Holt is the first to acknowledge that MySpace Music is a work in progress, and he promises four or five "cool and evolutionary" improvements each quarter.
There are indications that the service is gaining traction.
According to comScore, MySpace Music had 20 million U.S. users in March, up 30 percent from a year earlier, when MySpace was running the previous incarnation of the service -- although MySpace questions comScore's methodology and argues the number should be higher.
That vaulted MySpace from fifth to second place among the music entertainment sites, behind only AOL with 21 million.
Partly in reaction, third-ranked Yahoo, with 18 million users, revamped its music pages this month. However, Yahoo doesn't have a direct deal with the record labels, limiting the number of free songs that people can stream on the site.
MySpace Music has managed to gain an edge in some important ways. The site secured exclusive early free streaming rights for high-profile new album releases, from U2's "No Line on the Horizon" to Lily Allen's "It's Not Me It's You."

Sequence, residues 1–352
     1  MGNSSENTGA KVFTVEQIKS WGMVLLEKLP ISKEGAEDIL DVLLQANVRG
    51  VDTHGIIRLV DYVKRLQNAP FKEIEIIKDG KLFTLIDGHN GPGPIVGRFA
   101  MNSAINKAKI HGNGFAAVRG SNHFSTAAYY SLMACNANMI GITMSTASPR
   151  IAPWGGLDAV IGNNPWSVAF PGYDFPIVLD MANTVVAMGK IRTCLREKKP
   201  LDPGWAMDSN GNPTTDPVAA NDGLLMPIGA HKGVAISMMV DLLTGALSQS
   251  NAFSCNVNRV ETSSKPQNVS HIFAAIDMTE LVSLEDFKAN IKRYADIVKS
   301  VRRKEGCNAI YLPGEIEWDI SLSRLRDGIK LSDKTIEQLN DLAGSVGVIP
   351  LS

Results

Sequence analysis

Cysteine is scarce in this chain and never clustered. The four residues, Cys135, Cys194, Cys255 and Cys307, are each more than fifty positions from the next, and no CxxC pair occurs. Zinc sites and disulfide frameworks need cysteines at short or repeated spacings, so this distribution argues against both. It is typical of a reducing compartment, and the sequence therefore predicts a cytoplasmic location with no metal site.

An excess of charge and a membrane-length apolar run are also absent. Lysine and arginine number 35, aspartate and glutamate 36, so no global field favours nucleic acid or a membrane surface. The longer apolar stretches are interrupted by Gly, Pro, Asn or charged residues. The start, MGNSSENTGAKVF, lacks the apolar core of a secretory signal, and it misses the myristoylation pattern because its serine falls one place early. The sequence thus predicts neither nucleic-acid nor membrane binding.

Allen, a longtime MySpace blogger, premiered a music video on the site and performed a "Secret Show" in New York in February as part of a series of promotional concerts that are free to MySpace users.
Buzz about the show was "all over the blogosphere," said Bob Heinemann, head of interactive marketing at EMI Group PLC, which owns Allen's Capitol Records label. He said the MySpace promotion gave the album a big push.
Even so, analyst Debra Aho Williamson of eMarketer questioned whether MySpace Music will truly be able to set itself apart from other Web music sites.
"Have they reinvented the wheel or just made the wheel a little bigger?" she asked. "Because it's now just one more place to get music."